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Changes in insomnia severity with advanced PAP therapy in patients with posttraumatic stress symptoms and comorbid sleep apnea: a retrospective, nonrandomized controlled study. Krakow Barry J,McIver Natalia D,Obando Jessica J,Ulibarri Victor A Military Medical Research BACKGROUND:Sleep disorders frequently occur in posttraumatic stress disorder (PTSD) patients. Chronic insomnia is a common feature of and criteria for the diagnosis of PTSD. Another sleep disorder, obstructive sleep apnea (OSA), also occurs frequently in PTSD, and emerging research indicates OSA fuels chronic insomnia. Scant research has investigated the impact of OSA treatment on insomnia outcomes (Insomnia Severity Index, ISI) in trauma survivors. METHODS:OSA patients with moderately severe posttraumatic stress symptoms were studied in a retrospective chart review. Ninety-six patients who failed CPAP therapy due to expiratory pressure intolerance or complex sleep apnea or both underwent manual titration with advanced PAP modes [autobilevel (ABPAP); adaptive servo-ventilation (ASV)], which were subsequently prescribed. PAP use measured by objective data downloads divided the sample into three groups: compliant regular users (C-RU): n = 68; subthreshold users (SC-RU): n = 12; and noncompliant users (NC-MU): n = 16. The average follow-up was 11.89 ± 12.22 months. Baseline and posttreatment ISI scores were analyzed to assess residual insomnia symptoms as well as cure rates. RESULTS:The C-RU group showed significant improvements in insomnia with very large effects compared to those in the NC-MU reference group (P = 0.019). Insomnia severity significantly decreased in all three groups with large effects (C-RU, P = 0.001; SC-RU, P = 0.027; NC-MU, P = 0.007). Hours of weekly PAP use and insomnia severity were inversely correlated (P = 0.001, r = - 0.321). However, residual insomnia symptoms based on established ISI cut-offs were quite common, even among the C-RU group. Post hoc analysis showed that several categories of sedating medications reported at baseline (hypnotics, anti-epileptic, opiates) as well as actual use of any sedating medication (prescription or nonprescription) were associated with smaller insomnia improvements than those in patients not using any sedating agents. CONCLUSIONS:In a retrospective, nonrandomized analysis of a select sample of sleep clinic patients with OSA and PTSD symptoms, advanced PAP therapy was associated with significant improvement in insomnia severity for both compliant and partial users. However, residual insomnia symptoms persisted, indicating that PAP therapy provides only limited treatment. RCTs are warranted to assess the effect of ABPAP and ASV modes of therapy on adherence and sleep outcomes, and their potential impact on posttraumatic stress symptoms. Treatment arms that combine PAP with CBT-I would be expected to yield the greatest potency. 10.1186/s40779-019-0204-y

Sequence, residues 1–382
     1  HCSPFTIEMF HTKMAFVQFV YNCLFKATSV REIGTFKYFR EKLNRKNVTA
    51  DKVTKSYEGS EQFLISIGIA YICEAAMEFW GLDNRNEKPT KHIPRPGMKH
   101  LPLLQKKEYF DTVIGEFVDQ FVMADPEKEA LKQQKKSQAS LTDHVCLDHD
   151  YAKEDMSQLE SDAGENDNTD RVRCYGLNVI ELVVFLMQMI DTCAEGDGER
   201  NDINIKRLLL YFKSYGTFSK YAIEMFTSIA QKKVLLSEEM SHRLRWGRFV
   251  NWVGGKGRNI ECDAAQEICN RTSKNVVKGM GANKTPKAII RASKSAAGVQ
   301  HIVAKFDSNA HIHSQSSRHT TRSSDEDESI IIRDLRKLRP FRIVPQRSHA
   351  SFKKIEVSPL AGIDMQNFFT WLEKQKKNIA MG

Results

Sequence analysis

The presence of insomnia and depression contributes to the acceptance of an initial treatment trial of continuous positive airway pressure therapy in patients with obstructive sleep apnea. Drakou Theodora,Steiropoulos Pashalis,Saroglou Maria,Georgopoulou Athina,Kazis Dimitris,Papagiannopoulos Sotiris,Porpodis Konstantinos,Tryfon Stavros Sleep & breathing = Schlaf & Atmung The presence of comorbid insomnia and sleep apnea (COMISA) reduces the initial acceptance of continuous positive airway pressure (CPAP) therapy in 39-58% of patients with obstructive sleep apnea (OSA). Depressive disorders are reported in 5 to 63% of patients with OSA. Here we studied the co-occurrence of depression and insomnia in OSA patients and its impact on treatment acceptance in a real-life controlled trial. METHODS:In this prospective, uncontrolled study, participants were recruited from January to December 2018, among adult patients who visited our sleep lab. Participants underwent polysomnography study and completed the Epworth Sleepiness Scale (ESS), Athens Insomnia Scale (AIS), and Zung Depression Rating Scale (ZDRS). All subjects were categorized into 8 groups: no OSA/no depression (apnea-hypopnea index [AHI] < 5/h, n = 34), mild OSA/no depression (AHI = 5-14/h, n = 22), moderate OSA/no depression (AHI = 15-29/h, n = 44), severe OSA/no depression (AHI ≥ 30/h, n = 45), no OSA/mild depression (AHI < 5/h, n = 31), mild OSA/mild depression (AHI = 5-14/h, n = 24), moderate OSA/mild depression (AHI = 15-29/h, n = 31), and severe OSA/mild depression (AHI ≥ 30/h, n = 40). RESULTS:Over the one-year period, 272 participants (200 men, mean age 52.9 ± 13.0 years, BMI 33.6 ± 7.2 kg/m) were enrolled. When the above 8 groups were subcategorized into the presence or absence of insomnia, we found no differences in CPAP trial acceptance between subgroups except in patients from the mild depression/severe OSA/insomnia subgroup who denied CPAP therapy more frequently (chi-squared test p = 0.016). We found, with a moderate efficiency indicated by the ROC curve, that patients with AHI > 15/h, AIS ≥ 11, and ZDRS > 44 were more likely to refuse an initial trial of CPAP treatment because of COMISA and depression (ROC curve area = 0.710, p = 0.049). CONCLUSION:This study demonstrates that it is important to recognize a depressive mood disorder in patients with moderate/severe OSA and COMISA as the coexistence of these comorbidities impairs the rate of initial acceptance of CPAP treatment. Additionally, our study suggests the cut-off values from the AIS and ZDRS questionnaires to help lead clinicians to an early diagnostic evaluation of COMISA patients for the presence of depressive mood disorder. 10.1007/s11325-020-02266-z